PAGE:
I opened Weetzie Bat full of skepticism. The back had nothing on it but five one-word reviews--"Transcendent!" "Shimmering!" "Magnificent!" and upon p
I opened Weetzie Bat full of skepticism. The back had nothing on it but five one-word reviews--"Transcendent!" "Shimmering!" "Magnificent!" and upon paging through it, I had discovered that every character had a ridiculous name--"Duck," "My Secret Agent Lover Man," and, of course, "Weetzie Bat." I read the first paragraph out of pure curiousity, just because there was no summary on the back. I expected role my eyes and slide the book back unto the shelf, but instead I sat there next to the bookshelf until I lost feeling in my backside and the library closed.
Blonde, brash Weetzie Bat lives in L.A., but to me her life was some kind of fantasy land. Every sentance was poetic, and I could tell what the author meant even when she said "His eyes looked like glasses of gin." I floated through the story on a dream, but the best part was that it wasn't all perfect. Weetzie's family has problems, just like every other family, and that's really what made the book good. It was raw, honest thought just put down on paper, with nothing in between.
I can't force anyone to read this book, and I can't force anyone to like it, but I can tell you that for me, reading Weetzie Bat was "like dreaming twenty-four hours a day."
My class had spent the entire hour in the library looking novels to do book reports on. I still hadn't found one. The bell would ring in approximatelyMy class had spent the entire hour in the library looking novels to do book reports on. I still hadn't found one. The bell would ring in approximately three seconds, so I grabbed the nearest book that looked good. I know it sounds cheesy, but by the time I got home on the bus that day, my eyes were glued to the page. Granted, I was a bit repelled by the talk of dead bodies and genetic mutation. I wouldn't recommend this book for the weak stomached. But for those who enjoy some mild action and horror, this is a really amazing book.
Semi is a shy, withdrawn teenager, who--horror of horrors!--wins a trip to Ecuador with the "Planet Savers." Semi fails to strike up conversation with any of the other prize winners, and on the plane to Ecuador, she is shocked to find herself sitting next to Miranda, who she describes as "Very Cool Girl." The plane crashes near a remote island, but Miranda's resorcefulness saves her and Semi's lives. They are marooned on the island with Arnie, a boy who neither really likes. The three learn to tolerate each other, and Miranda and Semi become very close.
One day, Arnie, who has had trouble coping with the isolated atmosphere of the island, disappears. Miranda and Semi assume that he has taken his raft into the open ocean and drowned, but later, as they are hiking, they find his machete near a cliff face. Intrigued, they decide to investigate. What they find on the other side forces them to make decisions about who they are and what is important in life.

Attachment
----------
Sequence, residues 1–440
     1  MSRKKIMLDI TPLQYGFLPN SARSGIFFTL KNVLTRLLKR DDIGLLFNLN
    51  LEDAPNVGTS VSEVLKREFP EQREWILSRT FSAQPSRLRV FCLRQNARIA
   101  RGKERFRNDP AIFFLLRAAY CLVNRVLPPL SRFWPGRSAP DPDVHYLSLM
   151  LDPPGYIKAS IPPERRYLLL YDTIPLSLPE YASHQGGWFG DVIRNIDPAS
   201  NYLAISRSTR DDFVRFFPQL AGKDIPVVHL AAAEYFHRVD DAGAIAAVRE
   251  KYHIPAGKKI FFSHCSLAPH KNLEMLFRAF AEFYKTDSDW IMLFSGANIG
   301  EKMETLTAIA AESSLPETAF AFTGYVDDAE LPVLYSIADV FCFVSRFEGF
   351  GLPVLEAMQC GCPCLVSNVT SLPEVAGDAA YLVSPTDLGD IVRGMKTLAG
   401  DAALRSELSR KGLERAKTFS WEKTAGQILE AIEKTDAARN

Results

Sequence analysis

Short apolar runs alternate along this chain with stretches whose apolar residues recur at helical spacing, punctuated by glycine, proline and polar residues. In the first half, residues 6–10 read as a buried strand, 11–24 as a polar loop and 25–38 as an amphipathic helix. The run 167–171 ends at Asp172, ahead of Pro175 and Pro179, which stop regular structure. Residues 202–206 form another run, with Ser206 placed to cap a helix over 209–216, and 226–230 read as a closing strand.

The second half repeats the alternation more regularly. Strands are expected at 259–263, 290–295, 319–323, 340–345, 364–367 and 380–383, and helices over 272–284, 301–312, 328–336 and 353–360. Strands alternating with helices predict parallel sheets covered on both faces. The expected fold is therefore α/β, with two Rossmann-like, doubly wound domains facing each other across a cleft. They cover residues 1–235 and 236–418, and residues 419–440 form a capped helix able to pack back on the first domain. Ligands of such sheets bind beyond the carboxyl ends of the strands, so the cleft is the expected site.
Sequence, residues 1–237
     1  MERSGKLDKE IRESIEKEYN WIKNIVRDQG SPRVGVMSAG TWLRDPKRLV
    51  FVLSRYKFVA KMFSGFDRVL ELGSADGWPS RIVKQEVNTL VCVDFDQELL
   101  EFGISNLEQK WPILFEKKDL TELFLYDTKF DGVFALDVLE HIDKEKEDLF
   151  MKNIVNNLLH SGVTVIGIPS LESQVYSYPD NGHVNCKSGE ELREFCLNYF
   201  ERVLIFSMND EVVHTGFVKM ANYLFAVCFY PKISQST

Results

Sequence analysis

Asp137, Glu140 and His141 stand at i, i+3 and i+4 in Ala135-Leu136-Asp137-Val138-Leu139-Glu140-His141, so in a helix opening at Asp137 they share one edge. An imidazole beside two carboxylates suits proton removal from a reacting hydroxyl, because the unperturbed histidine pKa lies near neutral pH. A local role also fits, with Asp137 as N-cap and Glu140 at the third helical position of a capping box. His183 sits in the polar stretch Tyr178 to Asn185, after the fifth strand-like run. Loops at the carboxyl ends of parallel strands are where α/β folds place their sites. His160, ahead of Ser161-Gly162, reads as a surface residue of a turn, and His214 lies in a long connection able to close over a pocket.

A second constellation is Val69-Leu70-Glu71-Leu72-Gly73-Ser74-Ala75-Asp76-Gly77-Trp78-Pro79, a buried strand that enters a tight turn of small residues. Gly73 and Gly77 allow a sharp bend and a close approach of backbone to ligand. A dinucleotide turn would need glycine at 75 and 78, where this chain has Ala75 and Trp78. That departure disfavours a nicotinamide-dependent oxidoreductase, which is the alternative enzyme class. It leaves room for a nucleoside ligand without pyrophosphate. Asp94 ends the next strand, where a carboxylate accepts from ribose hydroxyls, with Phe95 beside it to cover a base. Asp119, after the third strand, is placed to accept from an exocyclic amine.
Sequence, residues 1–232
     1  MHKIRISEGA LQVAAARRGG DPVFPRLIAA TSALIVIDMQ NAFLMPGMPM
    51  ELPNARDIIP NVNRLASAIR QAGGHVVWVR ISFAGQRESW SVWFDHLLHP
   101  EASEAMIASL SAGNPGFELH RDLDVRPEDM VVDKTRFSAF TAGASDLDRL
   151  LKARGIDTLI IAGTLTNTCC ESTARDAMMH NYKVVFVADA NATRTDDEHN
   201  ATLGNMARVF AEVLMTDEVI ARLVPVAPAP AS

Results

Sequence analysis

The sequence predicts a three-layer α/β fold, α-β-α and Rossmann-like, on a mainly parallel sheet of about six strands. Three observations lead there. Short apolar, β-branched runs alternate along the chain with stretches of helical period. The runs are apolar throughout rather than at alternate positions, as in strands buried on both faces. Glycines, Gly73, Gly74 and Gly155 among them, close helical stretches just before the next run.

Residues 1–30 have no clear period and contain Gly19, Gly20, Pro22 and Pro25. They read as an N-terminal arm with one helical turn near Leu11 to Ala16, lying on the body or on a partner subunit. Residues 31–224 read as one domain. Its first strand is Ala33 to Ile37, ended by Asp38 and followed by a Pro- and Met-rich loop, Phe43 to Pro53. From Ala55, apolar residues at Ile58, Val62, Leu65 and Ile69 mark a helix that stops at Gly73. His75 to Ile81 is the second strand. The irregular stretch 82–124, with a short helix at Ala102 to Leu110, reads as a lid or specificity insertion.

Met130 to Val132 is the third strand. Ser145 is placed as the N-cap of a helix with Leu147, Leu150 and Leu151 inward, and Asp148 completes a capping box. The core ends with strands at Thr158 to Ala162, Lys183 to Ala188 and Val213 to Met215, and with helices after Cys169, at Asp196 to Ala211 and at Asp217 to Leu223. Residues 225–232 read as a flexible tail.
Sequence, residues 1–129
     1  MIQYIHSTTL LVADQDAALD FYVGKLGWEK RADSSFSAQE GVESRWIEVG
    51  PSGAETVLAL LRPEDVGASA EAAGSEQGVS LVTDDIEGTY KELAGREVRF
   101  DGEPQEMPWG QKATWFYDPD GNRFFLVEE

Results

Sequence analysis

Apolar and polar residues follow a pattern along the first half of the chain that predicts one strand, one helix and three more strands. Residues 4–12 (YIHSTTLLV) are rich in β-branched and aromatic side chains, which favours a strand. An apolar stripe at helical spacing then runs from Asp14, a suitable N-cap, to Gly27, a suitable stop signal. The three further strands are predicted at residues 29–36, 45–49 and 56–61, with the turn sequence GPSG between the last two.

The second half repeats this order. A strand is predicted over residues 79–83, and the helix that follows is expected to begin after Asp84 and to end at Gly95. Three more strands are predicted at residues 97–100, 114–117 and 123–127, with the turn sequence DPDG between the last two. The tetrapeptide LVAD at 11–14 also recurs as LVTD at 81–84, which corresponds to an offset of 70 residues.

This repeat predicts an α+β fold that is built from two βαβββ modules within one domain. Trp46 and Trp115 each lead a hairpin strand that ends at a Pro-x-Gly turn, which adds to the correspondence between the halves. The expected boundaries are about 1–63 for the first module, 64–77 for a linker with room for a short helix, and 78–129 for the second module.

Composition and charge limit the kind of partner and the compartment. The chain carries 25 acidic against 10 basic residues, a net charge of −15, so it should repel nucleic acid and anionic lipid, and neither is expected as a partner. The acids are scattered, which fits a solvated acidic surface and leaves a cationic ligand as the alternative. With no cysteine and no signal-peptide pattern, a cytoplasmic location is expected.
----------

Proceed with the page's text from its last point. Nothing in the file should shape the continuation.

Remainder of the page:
This book has some really delicious characters and a wild, unpredictable plot. What starts out as another survior story becomes an exploration of science, genius, and friendship. A truly wonderful book....more
This is my absolute favorite book in the whole wide world. If I could, I would make sure everyone read it, but most high school teachers have alreadyThis is my absolute favorite book in the whole wide world. If I could, I would make sure everyone read it, but most high school teachers have already begun that quest for me. However, if you, by some miracle, have not yet been forced to read the Great American Novel, do it now. I promise you, anyone who's told you it was the most boring book they've ever read either read it in class with a teacher hovering over their shoulder, or put it down before they got to the part about the shoot-out.
Even if you've never read it, you probably know the story's basics: Huckleberry Finn, an uneducated, impressionable youngster ("thirteen or fourteen," in his own words) from Missouri heads down the Mississippi on a raft with an escaped slave named Jim when he decides he's had enough of his alcoholic father's abuse. (I'm not hiding this review for spoilers because you can find this much on the back. And if you're over ten, you probably know it already.)
Quite simply, Huck Finn is a touching, honest story of what it was like to grow up in pre-civil-war 19th century America. Somehow, Mark Twain manages to make America look good by revealing its dark side. ...more